At the end of our sitting periods, we usually chant the Heart Sutra. Some of us must have chanted it thousands of times, yet its meaning is very difficult for us to understand.
It’s called The Heart Sutra because it’s the compressed version of the Prajñāpāramitā sutras, an enormous body of sutras on the theme of emptiness. And the heart of the Heart Sutra is really in the first line, which goes as follows:
The Bodhisattva of Compassion
Sees clearly that the five skandhas are empty
And accordingly relieves all suffering.
So what do we make of this? Firstly, the reference to Prajñāpāramitā is one of the six Pāramitās, or Perfections, of the Bodhisattva. And, certainly in the Zen context, practising Prajñāpāramitā means practising Zazen.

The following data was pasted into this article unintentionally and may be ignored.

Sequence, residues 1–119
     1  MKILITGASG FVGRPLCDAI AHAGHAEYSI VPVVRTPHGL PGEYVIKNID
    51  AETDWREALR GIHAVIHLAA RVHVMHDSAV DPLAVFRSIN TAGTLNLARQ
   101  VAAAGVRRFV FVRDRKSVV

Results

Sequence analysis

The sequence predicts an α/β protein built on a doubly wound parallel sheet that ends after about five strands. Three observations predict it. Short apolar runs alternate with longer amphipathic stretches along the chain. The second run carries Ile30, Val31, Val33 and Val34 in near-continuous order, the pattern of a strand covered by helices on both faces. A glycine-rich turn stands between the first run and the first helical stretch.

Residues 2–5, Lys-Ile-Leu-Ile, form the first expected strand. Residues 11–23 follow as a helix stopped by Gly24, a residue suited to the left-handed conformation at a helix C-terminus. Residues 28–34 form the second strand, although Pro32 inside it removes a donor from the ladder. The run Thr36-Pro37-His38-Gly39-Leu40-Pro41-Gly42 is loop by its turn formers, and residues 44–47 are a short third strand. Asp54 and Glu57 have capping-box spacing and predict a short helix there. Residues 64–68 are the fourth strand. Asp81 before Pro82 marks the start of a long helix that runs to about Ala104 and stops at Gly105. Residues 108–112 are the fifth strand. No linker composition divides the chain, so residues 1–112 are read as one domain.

So, in this first sentence we have the Bodhisattva of Compassion, who is obviously not a real person, we have Prajñā, we have Emptiness, and we have the Five Skandhas, namely the five constituents of the human being. So just in this sentence, we have Compassion, Wisdom and Emptiness, all next to each other–which is really emblematic of the whole Mahāyāna school.
Emptiness does not mean nothingness. Emptiness means that all phenomena are empty of a Self. That the world is empty of you, not that the universe is a fiction.
For further information and references on this kusen, please click this link.